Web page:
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Pioneers, Ploughs, and Politics: New Brunswick Planned Settlements

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Exhibit Introduction | Stanley | Johnville | Kincardine | New Denmark | Allardville

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The Scottish Highlanders Arrive The English Settlers' Demands

Grievances
The Skye settlers arrived at Saint John aboard the Royal Adelaide on 14 October 1836, dangerously late in the year to establish themselves on the land. From here they travelled to Fredericton, but instead of continuing on to Stanley, they were directed to set up camp across the river at Saint Mary's where they were exposed to the elements. Approximately six weeks later, the immigrants moved on to Stanley, arriving just two weeks before the temperature hit a low of seven to 10 degrees below freezing and snow covered the ground. To add to their misery, the newcomers learned that, contrary to the land company's prospectus, only the shells of their homes had been raised. To speed up construction, each family received a supply of boards so that they could build the floors, windows, frames, and doors themselves. But most of the newcomers lacked the skills necessary to complete such tasks.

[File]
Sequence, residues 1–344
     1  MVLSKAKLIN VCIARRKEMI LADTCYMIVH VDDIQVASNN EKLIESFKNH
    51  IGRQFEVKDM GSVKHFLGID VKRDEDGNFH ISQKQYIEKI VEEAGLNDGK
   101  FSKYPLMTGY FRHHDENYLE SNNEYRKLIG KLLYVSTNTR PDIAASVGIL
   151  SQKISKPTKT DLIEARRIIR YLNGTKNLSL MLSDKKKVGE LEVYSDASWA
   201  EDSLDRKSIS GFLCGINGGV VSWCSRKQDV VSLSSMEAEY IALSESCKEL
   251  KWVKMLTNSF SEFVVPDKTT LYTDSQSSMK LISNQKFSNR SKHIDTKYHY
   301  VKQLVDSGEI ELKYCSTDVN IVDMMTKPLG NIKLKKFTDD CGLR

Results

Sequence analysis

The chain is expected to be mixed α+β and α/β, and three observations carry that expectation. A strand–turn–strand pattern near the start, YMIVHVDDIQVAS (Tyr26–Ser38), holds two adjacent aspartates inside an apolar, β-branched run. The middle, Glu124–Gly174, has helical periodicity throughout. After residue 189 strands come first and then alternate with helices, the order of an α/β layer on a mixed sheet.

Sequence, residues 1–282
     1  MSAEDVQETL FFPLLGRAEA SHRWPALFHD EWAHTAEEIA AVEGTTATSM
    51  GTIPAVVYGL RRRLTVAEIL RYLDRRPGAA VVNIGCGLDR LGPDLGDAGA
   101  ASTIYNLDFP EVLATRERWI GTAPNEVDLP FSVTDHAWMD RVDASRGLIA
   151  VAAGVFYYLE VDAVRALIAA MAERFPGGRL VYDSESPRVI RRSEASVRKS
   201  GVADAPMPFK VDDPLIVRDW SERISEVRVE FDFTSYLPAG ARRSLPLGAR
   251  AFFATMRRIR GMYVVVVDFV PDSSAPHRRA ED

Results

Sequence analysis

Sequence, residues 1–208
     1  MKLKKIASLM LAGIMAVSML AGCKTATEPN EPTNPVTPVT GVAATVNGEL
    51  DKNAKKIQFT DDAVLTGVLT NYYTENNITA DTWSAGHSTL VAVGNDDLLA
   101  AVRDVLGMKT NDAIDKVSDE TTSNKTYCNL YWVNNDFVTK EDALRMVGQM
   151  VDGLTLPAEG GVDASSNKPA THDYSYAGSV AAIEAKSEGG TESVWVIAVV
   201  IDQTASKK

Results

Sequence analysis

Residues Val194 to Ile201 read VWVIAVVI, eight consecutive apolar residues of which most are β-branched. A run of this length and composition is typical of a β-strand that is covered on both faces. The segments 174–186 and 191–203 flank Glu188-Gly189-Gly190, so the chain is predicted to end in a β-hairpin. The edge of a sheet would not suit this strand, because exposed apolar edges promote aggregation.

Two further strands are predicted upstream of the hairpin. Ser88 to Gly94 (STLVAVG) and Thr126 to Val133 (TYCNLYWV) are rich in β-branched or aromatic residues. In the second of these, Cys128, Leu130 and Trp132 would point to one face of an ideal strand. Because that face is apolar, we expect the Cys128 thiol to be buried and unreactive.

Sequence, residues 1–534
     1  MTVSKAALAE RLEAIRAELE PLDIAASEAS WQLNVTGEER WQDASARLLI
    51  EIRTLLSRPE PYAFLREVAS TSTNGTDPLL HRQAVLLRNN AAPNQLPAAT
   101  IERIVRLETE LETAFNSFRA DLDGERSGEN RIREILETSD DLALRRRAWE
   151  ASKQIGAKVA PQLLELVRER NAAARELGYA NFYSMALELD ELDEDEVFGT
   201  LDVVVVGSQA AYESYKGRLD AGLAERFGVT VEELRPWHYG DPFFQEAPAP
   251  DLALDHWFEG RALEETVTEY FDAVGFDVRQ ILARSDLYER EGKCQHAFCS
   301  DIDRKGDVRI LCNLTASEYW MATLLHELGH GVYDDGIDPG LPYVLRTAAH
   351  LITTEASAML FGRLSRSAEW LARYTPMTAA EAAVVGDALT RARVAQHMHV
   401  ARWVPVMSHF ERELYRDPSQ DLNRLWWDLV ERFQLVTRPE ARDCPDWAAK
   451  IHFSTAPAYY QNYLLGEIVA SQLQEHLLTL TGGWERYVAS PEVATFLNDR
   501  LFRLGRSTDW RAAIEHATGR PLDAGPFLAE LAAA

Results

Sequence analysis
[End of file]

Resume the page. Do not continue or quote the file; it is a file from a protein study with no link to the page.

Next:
The Scottish immigrants faced additional problems. Arriving so late in the season, they had no harvest to depend upon for food for the coming winter. Moreover, the unseasonably cold temperatures made it impossible for their
chimneys to be completed. Lacking warm clothing, sufficient food, and suitable housing, an estimated 40 settlers died before the spring thaw. Some of the survivors left the area in the spring, but a number stayed in Scotch Settlement, determined to start a new life on the land.
The English and Scottish settlers who remained became locked in a struggle with the land company to resolve their grievances. In their view, the principal adversary was Richard Hayne, who was named E. N. Kendall's replacement as chief commissioner or agent on 6 December 1837. Hayne, who had arrived the previous summer, had seemingly been directed to reduce company expenditures. Tensions increased when he halted construction on the roads and other improvements and closed the company stores, thereby cutting the settlers off from their chief source of supplies.


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